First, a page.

Testing the Waters

As discussed previously, this trimester the project brief is to make 10 different artworks to go with a social campaign. I briefly touched over how this trimester I want to explore different design/art styles over this project. With Men’s Mental Health being a serious subject and something not to be poked fun at, I feel my previous illustrative, bright and vibrant cartoon style will be too much for the message. With me wanting to explore more photography and photo manipulation as the trimester progresses, as a class we started with a different medium. The first three weeks we explored analogue techniques. This blog will be reporting on my exploration of; Watercolors & Inks.

Get Started

To start we have to understand the basic tools to get started. As I’m new to this technique, here’s some basic tools to get started:


1, Brush:

For beginners like us, we can’t really tell the difference between synthetic and natural brushes. For me I have been using the Westart Scholastic Brush Set (fig.1). With the suggested brush size being #8 and a #4 for more detail.


2, Paint:

For me I’ve been really enjoying playing around with the Ecoline Watercolor Inks as this can be interesting to draw with. For most starting out though the Koh-I-Noor (fig.2) is good to practice with, having 16 different colors to experiment blending with.

TIP: Getting a color pallet sheet to go with this can really help you with understanding how to mix and what colors will look like also.

3, Paper:

With watercolors the heavier the paper, generally this is better because it prevents warping in the paper the damper it gets while painting. I have been using a more textured paper as I found the smoother the paper the more uncontrollable and unpredictable paint can be on it.

4, Water & Rags:

Finally, the water to go with this, typically you would want one for the dirty water, and one with clean water as to not contaminate the paints or inks. To keep in mind its handy to keep a dry rag with you to help clean the brush off too.

5, Additional:

In addition with this, you can also you use light pencil like a 2H to sketch out your ideas before painting. An eyedropper to use with inks, and I also used a water spray bottle to explore more ideas.

As this is a brief introduction to watercolor supplies and tips, you can head over to The Postmans Knock website where Lindsey Bugbee gives a more professional in-depth introduction to the world of Watercolors:


A Few Things I Now Know

Opacity & Blending:

The two brush strokes on the left here shows the amount of water used on each can justify the opacity. The brush stroke seen on the left here shows what lots of water on page and not much paint looks like. The second stroke here shows the opposite of that and what more paint looks like. The third brush stroke here is the blending of 2 colors. The next image of the bird shows the different tones you can get by utilizing the amount of water used on color. In the green you can see how strong the color is at the bottom as it works its way to the water to have a lighter opacity. This can make for some interesting contrast and shadows to help the image look more dynamic.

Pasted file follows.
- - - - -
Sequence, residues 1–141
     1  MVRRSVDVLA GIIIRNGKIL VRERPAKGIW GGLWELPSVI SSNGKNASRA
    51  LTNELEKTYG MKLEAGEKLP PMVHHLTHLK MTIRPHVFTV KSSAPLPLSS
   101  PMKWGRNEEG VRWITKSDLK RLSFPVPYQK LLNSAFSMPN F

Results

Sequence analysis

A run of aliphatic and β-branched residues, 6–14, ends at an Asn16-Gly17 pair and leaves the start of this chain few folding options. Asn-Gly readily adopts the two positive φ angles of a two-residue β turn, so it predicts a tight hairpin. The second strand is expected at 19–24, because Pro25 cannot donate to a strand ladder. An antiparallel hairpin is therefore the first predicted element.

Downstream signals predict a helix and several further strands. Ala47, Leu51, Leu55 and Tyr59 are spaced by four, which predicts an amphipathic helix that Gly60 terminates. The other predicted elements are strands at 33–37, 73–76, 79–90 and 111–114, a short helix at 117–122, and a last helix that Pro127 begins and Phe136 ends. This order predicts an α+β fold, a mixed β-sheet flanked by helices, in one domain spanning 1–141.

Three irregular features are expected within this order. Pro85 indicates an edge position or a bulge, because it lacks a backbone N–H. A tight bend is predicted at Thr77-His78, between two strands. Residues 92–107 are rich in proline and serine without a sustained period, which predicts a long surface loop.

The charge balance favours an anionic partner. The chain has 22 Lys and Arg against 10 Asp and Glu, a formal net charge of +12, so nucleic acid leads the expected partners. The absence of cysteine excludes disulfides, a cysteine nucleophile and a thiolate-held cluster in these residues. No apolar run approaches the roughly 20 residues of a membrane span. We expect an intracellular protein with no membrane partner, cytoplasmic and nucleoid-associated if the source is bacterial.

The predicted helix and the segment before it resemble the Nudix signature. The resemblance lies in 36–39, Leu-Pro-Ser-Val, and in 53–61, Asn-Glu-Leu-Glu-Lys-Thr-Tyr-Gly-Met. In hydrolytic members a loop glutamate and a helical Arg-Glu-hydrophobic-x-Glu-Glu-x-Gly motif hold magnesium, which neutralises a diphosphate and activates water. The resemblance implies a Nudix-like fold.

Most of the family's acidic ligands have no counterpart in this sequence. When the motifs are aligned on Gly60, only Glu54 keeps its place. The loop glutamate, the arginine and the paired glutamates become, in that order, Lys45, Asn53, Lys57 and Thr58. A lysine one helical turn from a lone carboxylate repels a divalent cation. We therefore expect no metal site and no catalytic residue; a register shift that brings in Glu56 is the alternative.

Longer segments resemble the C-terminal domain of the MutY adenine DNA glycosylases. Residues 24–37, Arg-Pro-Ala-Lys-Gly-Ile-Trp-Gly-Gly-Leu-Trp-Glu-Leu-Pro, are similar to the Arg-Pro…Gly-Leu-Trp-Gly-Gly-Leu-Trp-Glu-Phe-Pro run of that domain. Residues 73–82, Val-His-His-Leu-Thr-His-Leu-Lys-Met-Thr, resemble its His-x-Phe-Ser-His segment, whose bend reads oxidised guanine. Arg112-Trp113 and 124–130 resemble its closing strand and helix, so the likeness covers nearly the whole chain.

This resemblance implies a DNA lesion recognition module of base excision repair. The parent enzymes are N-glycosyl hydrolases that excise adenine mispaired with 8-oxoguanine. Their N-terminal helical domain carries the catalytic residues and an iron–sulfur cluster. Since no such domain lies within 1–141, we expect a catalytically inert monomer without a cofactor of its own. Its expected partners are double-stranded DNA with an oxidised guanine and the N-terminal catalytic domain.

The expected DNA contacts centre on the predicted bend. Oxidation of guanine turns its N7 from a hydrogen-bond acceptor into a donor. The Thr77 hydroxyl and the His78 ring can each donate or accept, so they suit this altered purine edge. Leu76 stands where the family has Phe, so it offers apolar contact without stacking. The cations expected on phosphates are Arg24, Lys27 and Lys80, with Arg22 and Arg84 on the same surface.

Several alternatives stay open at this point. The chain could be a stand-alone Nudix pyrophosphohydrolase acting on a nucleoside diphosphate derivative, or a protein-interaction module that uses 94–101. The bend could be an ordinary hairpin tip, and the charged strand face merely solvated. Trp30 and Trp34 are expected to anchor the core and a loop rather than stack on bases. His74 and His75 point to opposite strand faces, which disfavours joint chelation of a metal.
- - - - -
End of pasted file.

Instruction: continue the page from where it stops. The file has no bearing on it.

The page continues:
Water-Based Ink Pens:

Above here is a technique I would love to get better as it is closer to my natural style. A water-based ink was used in pen form here to create this image. By doing the outline in this color and then going over areas with a wet brush to draw the color inside can have some real cool effects.

Ecoline Inks:

Above is “Tears of a Clown” drawing I was working on for my mental health campaign. This was achieved with experimenting with Ecoline Inks, as I mentioned earlier this was fun to draw with the brush itself and learn some hand control by creating different width lines. Similar to the water-based ink pens, once the lines were in it was easy to drag the colors in for shading.

Eyedropper Technique:

When playing around with the Ecoline Inks, I found this really amazing technique by simply using a wet brush and eye dropper. In the examples shown here, I got a really wet brush and drew the image I wanted. Once the wet image was there, I just eye dropped the colors I wanted in to create this completely random pattern. I loved how the unpredictability of the colors moving through the water turned out so unique and natural, giving me ideas, I hadn’t thought previous to trying this. For example, you can see in the images shown here how instead of drawing an image, I grabbed a spray bottle and wet the page, dropping the colors. Some ways I want to incorporate this into my campaign is by creating some interesting background for my photographs.

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